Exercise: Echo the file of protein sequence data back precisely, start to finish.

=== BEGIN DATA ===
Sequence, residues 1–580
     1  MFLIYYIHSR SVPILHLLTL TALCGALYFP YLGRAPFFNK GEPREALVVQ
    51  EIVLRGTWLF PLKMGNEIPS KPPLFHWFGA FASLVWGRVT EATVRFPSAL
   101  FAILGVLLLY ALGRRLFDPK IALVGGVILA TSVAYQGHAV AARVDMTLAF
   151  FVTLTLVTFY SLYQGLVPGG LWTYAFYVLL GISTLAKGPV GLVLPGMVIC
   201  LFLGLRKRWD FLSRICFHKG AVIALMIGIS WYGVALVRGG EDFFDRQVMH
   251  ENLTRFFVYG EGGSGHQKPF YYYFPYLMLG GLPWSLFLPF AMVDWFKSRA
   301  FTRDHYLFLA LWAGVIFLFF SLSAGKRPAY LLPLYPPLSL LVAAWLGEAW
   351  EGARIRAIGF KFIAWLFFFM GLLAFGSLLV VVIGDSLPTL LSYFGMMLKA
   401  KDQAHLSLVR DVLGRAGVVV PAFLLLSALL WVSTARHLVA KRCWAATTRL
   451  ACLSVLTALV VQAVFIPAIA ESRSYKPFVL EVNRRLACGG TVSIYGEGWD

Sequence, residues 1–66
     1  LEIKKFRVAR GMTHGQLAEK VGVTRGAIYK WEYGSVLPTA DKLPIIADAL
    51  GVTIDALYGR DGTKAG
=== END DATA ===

Sequence, residues 1–580
     1  MFLIYYIHSR SVPILHLLTL TALCGALYFP YLGRAPFFNK GEPREALVVQ
    51  EIVLRGTWLF PLKMGNEIPS KPPLFHWFGA FASLVWGRVT EATVRFPSAL
   101  FAILGVLLLY ALGRRLFDPK IALVGGVILA TSVAYQGHAV AARVDMTLAF
   151  FVTLTLVTFY SLYQGLVPGG LWTYAFYVLL GISTLAKGPV GLVLPGMVIC
   201  LFLGLRKRWD FLSRICFHKG AVIALMIGIS WYGVALVRGG EDFFDRQVMH
   251  ENLTRFFVYG EGGSGHQKPF YYYFPYLMLG GLPWSLFLPF AMVDWFKSRA
   301  FTRDHYLFLA LWAGVIFLFF SLSAGKRPAY LLPLYPPLSL LVAAWLGEAW
   351  EGARIRAIGF KFIAWLFFFM GLLAFGSLLV VVIGDSLPTL LSYFGMMLKA
   401  KDQAHLSLVR DVLGRAGVVV PAFLLLSALL WVSTARHLVA KRCWAATTRL
   451  ACLSVLTALV VQAVFIPAIA ESRSYKPFVL EVNRRLACGG TVSIYGEGWD

Sequence, residues 1–66
     1  LEIKKFRVAR GMTHGQLAEK VGVTRGAIYK WEYGSVLPTA DKLPIIADAL
    51  GVTIDALYGR DGTKAG